Viewed from a slight distance, Poros Town has been compared to a giant snail sitting at water’s edge—and, indeed, the clock tower might be mistaken for the mollusk’s antenna as it rises over the jumble of houses arrayed on the humped headland. From this slight elevation, the town extends down a long shoreline, tracing the strait to the south and curving inland on the north.
A mix of tavernas, café-bars, and souvenir shops rise on the waterfront which intersects with narrow, white-washed lanes leading into the second, third, and fourth tiers of residences. Quayside buildings are mostly in the neoclassical style, with the less ornate cubeiform architecture especially visible in the upper reaches of quarters furthest from the center.
Platia Iroon, or heroes’ square, is the unofficial center of the town. It’s marked by a simple war memorial, a short column on which the names of islanders who died in various wars are engraved. It was erected in 1932 with a private donation. The primary commercial lane runs from just behind the memorial and connects to a second square, Platia Dimarhiou, where town hall is located; a third square further south, Platia Korizi, is marked by the Poros Archaeological Museum.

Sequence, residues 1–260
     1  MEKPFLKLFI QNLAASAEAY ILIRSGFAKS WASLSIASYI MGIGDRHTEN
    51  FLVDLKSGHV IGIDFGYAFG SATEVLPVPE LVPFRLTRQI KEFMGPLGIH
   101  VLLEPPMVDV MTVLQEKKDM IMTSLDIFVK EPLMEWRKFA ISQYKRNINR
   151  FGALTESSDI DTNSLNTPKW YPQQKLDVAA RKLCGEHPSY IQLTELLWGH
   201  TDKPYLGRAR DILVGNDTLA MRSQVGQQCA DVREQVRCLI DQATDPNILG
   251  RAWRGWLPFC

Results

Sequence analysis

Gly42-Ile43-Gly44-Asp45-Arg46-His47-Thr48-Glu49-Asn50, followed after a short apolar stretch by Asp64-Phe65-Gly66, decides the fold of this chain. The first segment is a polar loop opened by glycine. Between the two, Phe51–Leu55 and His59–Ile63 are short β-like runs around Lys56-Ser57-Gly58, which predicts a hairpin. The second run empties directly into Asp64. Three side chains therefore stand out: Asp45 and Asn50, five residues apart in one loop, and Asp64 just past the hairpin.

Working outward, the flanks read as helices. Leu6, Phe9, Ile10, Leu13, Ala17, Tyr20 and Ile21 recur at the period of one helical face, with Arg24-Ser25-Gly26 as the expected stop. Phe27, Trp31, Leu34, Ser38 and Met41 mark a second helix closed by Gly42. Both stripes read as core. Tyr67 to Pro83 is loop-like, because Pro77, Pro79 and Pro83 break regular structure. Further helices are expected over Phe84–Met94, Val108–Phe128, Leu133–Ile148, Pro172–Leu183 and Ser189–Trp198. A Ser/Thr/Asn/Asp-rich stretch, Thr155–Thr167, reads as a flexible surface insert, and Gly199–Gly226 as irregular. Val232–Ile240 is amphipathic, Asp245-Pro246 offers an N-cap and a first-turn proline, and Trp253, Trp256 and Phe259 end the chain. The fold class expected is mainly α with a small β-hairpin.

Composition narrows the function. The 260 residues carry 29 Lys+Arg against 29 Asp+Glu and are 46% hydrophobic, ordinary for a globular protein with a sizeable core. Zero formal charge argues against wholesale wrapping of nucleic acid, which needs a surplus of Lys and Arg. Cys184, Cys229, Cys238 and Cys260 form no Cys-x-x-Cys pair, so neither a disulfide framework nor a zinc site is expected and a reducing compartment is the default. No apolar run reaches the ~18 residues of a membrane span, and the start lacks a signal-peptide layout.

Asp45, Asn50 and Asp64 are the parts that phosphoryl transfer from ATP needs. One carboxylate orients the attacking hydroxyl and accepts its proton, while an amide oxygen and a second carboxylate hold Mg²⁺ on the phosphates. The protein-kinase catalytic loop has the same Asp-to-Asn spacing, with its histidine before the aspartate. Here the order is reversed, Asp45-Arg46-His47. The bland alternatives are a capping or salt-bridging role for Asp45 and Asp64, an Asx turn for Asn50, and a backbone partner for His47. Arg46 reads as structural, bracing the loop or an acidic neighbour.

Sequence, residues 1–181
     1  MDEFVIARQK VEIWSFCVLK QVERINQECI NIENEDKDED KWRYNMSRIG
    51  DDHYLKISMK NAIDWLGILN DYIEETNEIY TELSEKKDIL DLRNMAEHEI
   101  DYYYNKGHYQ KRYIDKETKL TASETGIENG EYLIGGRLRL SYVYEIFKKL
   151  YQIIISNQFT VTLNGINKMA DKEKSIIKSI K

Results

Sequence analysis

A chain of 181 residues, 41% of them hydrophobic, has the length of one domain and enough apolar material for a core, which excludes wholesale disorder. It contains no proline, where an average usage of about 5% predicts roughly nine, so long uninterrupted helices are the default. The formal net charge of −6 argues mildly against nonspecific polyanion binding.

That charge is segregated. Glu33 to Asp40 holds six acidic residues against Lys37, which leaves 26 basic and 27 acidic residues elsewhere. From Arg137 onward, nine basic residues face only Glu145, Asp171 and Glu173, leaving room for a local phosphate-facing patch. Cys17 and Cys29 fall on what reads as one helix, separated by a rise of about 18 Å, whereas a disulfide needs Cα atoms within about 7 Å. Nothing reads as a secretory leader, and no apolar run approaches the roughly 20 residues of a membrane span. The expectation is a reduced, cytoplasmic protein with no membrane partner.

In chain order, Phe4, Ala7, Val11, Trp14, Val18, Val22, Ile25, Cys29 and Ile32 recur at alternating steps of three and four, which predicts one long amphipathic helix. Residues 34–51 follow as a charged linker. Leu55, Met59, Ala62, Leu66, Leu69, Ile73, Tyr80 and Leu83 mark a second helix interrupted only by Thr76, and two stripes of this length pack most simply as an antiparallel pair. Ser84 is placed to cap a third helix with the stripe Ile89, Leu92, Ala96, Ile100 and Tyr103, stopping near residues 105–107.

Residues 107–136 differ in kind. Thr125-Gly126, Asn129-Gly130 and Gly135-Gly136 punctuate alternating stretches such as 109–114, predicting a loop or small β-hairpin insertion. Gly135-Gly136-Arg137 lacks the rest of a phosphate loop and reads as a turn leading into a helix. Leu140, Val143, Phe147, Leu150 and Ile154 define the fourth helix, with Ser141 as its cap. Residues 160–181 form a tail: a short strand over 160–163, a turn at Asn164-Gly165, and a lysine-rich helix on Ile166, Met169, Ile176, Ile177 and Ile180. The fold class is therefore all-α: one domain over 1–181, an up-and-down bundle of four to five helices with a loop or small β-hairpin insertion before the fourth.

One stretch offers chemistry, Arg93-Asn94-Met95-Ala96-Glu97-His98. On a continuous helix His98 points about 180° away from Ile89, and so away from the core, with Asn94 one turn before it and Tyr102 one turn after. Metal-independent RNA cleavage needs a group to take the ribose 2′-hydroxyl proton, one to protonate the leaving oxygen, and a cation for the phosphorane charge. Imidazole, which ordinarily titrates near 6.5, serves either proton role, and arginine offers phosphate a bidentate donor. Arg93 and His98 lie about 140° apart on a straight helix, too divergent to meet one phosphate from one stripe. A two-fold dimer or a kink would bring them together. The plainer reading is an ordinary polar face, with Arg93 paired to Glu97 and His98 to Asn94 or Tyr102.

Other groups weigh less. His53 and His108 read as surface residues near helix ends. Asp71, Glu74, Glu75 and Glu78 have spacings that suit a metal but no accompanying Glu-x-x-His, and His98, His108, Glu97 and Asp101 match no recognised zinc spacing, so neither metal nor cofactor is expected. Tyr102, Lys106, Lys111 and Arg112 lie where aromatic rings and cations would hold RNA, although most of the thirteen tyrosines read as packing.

But don’t limit yourself to the waterfront: head into the town to discover the equally delightfully Ayios Georgios square, edged by tavernas and glimpsed views over the sea.
In the opposite direction, a small quad near the open-air cinema is marked by a bust of Ioannis Kapodistrias, Greece’s first governor, who lived in one of the homes near the open-air cinema.